WikiLeaks' Julian Assange Has Cost The Met Police £5.3m During Ecuador Embassy Stay

How Much Has Assange's Embassy Exile Cost Met Police?

Julian Assange's prolonged stay in the Ecuadorian Embassy has cost the Metropolitan Police £5.3million, in the 18 months since he entered the building in Knightsbridge.

Police are stationed day and night outside the embassy, where the WikiLeaks founder was granted asylum, ready to arrest Assange, who was set to be extradited to face questioning in Sweden on sexual assault allegations.

Assange claimed that Sweden would extradite him to the US over leaking secret documents. In Sweden, he faces potential rape charges from one woman and sexual assault charges from another, stemming from a visit to Stockholm in 2010.

A police officer keeps watch of the Ecuadorean embassy in London where Wikileaks founder Julian Assange has been confined for over a year

The most recent estimated cost available for the policing operation outside the Ecuador Embassy is for the period to 31st December 2013, according to an Freedom of Information request sent to the Huffington Post UK by the Metropolitan Police.

The estimated total cost of policing the Ecuadorian Embassy between June 2012 and the end of December 2013 is £5.3 million, of which £4.4 million is police officer pay.

Around £900,000 has been paid out in police overtime costs, as a direct result of the deployments at the Ecuadorian Embassy. The cost to the taxpayer has been just under £10,000 every day.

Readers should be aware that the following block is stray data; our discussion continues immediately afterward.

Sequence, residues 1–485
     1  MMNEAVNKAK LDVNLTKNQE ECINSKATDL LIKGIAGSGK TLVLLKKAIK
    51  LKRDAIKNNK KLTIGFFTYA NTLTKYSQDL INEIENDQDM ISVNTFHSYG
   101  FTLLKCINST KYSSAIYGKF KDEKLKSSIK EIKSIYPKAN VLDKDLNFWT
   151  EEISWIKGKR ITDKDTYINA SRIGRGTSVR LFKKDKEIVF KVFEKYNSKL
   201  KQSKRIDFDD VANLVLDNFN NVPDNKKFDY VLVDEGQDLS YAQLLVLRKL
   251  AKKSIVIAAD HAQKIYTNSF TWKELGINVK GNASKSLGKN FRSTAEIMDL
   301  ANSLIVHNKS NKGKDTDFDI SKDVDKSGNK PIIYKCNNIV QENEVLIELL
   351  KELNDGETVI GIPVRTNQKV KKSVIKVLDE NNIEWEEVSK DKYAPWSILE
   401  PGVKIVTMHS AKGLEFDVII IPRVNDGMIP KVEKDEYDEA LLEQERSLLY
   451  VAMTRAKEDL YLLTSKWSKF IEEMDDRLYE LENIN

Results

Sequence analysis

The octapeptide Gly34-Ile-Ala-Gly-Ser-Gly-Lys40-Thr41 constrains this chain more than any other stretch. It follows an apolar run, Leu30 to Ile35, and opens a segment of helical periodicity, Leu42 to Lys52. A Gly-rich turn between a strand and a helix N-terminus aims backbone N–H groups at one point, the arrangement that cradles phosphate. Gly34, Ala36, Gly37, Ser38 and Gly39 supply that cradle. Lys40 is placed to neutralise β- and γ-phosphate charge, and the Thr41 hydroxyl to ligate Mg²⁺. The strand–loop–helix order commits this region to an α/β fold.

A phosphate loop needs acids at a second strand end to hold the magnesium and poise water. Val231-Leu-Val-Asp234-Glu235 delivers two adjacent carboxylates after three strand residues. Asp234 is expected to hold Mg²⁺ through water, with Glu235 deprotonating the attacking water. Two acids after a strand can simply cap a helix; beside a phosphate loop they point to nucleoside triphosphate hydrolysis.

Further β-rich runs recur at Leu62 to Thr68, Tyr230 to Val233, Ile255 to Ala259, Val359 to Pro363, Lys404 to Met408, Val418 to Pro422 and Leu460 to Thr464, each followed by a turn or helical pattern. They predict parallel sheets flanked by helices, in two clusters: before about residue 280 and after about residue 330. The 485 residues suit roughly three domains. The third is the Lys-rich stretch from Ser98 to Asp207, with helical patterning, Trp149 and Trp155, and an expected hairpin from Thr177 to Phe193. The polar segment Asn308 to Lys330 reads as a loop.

Assange could potentially stay in his Ecuadorian Embassy bolt-hole until 2022 – when the statute of limitations on his extradition request expires. This, at current costs, would mean £36.5m is spent on policing.

Wikileaks founder Julian Assange speaks to the media inside the Ecuadorian Embassy in London

This month, Swedish MPs called on the prosecutors in the case to travel to question Assange at the Ecuadorian embassy, saying they should accept that Assange will not be leaving the embassy voluntarily.

“It is in the interest of everyone involved in this process that the prosecutor reaches a conclusion to either file charges or dismiss the case, and it is obvious that Assange will not come to Sweden,” Staffan Danielsson, from the Center Party, was quoted in the Times as saying.

The new figures come after a swathe of revelations about the transparency campaigners mysterious existence in the embassy were made by his ex-biographer Andrew O’Hagan.

In a 45-page essay in the London Review of Books, O’Hagan said Assange would rather “spend hours Googling himself than have his own say in the pages of his autobiography.”

He apparently described the Ecuadorean ambassador as “mad”, “fat” and “ludicrous”.

“Big Government’s opposition to WikiLeaks’s work became confused, not least in Assange’s mind, with the rape allegations against him,” wrote O’Hagan. “It has been a fatal conflation.

“A man who conflates such truths loses his moral authority right there. Because he has no ability to see through other people’s eyes he can’t see how dishonest this conflation seems even to supporters such as me.”

London Assembly Member Jenny Jones said: "This is a terrible was of money for Londoners and has been dragging on for far too long.

"The Mayor should be on the phone to the Foreign Office asking them to resolve this situation and on the phone to the Home Office so that Londoners aren’t paying for this expensive stakeout.”


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